It should come as no surprise to anyone who has followed the Bush administration that this policy really wasn’t driven by President Bush. Others enact a policy that they think he wants. In this case, National Security Adviser Steven Hadley was the person that “sensed” that the president wanted a change. He’s the one that called the meetings and steered the meetings in the direction that he wanted them to go. Chuck Robb and Edwin Meese also come out as major players. They were both on the “Iraq study group ” and pushed for language that supported a “temporary increase in troops” to quell the violence. Finally, retired General Jack Keane played a major role not only in getting General David Petraeus chosen to run Iraq but he also is extremely important concerning placing him the head of Central Command. Through back channels it is General Jack Keane who drives the bus. He is one of the few people who can walk into Vice President Dick Cheney’s office and get things done. His influence on the Surge was enormous.

This book does NOT deliver the smoking gun, but does give us another inside look at the Bush White House. It’s not for everybody. For those who believe that George W. Bush is a strong leader, this book ain’t for you.

By |2008-12-04T07:14:12-04:00December 4th, 2008|Books, Bush Administration, Iraq|Comments Off on Book Report – The War Within

What's going on – News Roundup

Monday Evening News Roundup

It appears that the United States warned India back in October that there was going to be an attack on the hotel and business centers in Mumbai.

Contrast the above intelligence “success” to President Bush’s interview with Charlie Gibson last night. Bush admitted that the biggest failure of his presidency was the cataclysmic lack of weapons of mass destruction. Bush had the audacity to place the blame for that travesty at the doorstep of the CIA, when in fact the blame is entirely his. It was his job to look at all the information.  It was his job to weigh the pros and cons. He abdicated that responsibility.

The indictments that a Texas grand jury turned in against Vice President Dick Cheney and former Attorney General Alberto Gonzales have been dismissedWho’s surprised?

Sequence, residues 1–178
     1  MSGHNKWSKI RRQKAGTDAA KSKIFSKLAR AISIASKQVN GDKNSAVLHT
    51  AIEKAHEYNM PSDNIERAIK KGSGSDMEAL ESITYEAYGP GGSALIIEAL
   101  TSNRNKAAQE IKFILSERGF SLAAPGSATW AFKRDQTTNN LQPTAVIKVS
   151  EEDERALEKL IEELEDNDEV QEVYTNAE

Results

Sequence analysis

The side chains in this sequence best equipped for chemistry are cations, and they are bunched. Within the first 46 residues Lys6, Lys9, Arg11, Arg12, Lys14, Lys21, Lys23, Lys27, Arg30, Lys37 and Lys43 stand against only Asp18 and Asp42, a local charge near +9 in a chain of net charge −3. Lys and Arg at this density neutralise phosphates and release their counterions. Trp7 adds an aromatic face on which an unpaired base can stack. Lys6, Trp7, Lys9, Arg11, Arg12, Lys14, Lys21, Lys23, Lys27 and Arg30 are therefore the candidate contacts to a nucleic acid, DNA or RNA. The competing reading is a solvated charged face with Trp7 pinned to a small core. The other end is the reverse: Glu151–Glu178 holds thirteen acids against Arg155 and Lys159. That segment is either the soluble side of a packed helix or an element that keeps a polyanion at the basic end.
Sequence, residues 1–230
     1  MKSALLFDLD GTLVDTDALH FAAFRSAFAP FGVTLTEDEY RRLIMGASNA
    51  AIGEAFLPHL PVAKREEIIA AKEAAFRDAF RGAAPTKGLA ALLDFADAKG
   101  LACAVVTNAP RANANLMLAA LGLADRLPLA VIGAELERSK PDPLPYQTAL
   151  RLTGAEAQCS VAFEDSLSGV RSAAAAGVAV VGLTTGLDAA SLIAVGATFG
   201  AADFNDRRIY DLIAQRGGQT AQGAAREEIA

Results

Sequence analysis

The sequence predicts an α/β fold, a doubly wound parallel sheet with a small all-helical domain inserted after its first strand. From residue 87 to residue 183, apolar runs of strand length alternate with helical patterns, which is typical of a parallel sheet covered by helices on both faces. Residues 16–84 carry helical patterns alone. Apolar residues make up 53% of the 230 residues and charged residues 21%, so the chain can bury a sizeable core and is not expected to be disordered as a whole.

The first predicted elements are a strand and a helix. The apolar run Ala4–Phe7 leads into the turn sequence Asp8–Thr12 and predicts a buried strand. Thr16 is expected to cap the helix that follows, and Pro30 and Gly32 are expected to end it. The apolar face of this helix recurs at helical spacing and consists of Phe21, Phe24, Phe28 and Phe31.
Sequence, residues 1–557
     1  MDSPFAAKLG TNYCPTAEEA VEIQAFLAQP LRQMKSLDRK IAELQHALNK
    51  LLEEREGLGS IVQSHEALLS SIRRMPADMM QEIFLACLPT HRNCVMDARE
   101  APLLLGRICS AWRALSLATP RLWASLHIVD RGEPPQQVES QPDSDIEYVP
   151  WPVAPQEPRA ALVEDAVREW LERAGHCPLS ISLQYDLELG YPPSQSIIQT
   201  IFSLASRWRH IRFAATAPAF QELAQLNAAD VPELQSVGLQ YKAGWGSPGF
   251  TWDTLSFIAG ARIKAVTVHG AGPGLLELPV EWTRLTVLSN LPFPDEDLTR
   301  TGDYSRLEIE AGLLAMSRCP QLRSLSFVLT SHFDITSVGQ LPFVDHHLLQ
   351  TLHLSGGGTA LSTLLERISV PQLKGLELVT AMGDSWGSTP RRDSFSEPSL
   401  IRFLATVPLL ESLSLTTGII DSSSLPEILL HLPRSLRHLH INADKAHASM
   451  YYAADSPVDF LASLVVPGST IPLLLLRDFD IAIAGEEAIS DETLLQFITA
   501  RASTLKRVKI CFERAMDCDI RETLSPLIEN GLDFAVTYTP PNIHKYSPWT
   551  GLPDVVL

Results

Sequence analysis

Blogger Glenn Greenwald, who has been on my radio show on a number of occasions, had another great post yesterday. He commented on an issue of the New York Times in which an article brought attention to a number of conflicts of interest regarding General Barry McCaffreyGeneral McCaffrey is on the payroll of NBC News. Glenn does an excellent job highlighting the hypocrisy of NBCGenerals who show up on the evening news should really be free of conflicts of interest.

The National Bureau Of Economic Research has now officially stated that December 2007 was the start of this recession. So what has the Bush administration been doing for the last year? With the stock market dropping almost 700 points today, I must say I do not believe Bush administration has done enough.

Barack Obama has announced his national security team. Secretary of Defense Robert Gates will continue in his present position. Eric Holder will be the Attorney General. Former General James Jones ( see the Jones commission report) will be his National Security Adviser. Janet Napolitano, governor of Arizona, will become Secretary of Homeland Security. Susan Rice will be nominated for Ambassador to the United Nations. Finally, Senator Hillary Rodham Clinton will serve as Secretary of State. This team is tremendously qualified. As usual, however, I have some questions. Where is General Wesley Clark? I really thought Senator Chuck Hagel would be appointed to Defense. Is there a spot for him in the administration? (By the way, the “fair and balanced” Fox News didn’t even cover the Obama press conference.)

Almost a quarter of United States employees who use the Internet at work spend a little time during the workday looking at on-line pornography. 🙂  Nice. Nothing else need be said.

By |2008-12-01T22:11:36-04:00December 1st, 2008|Bush Administration, Economy, Obama administration, Terrorism|Comments Off on What's going on – News Roundup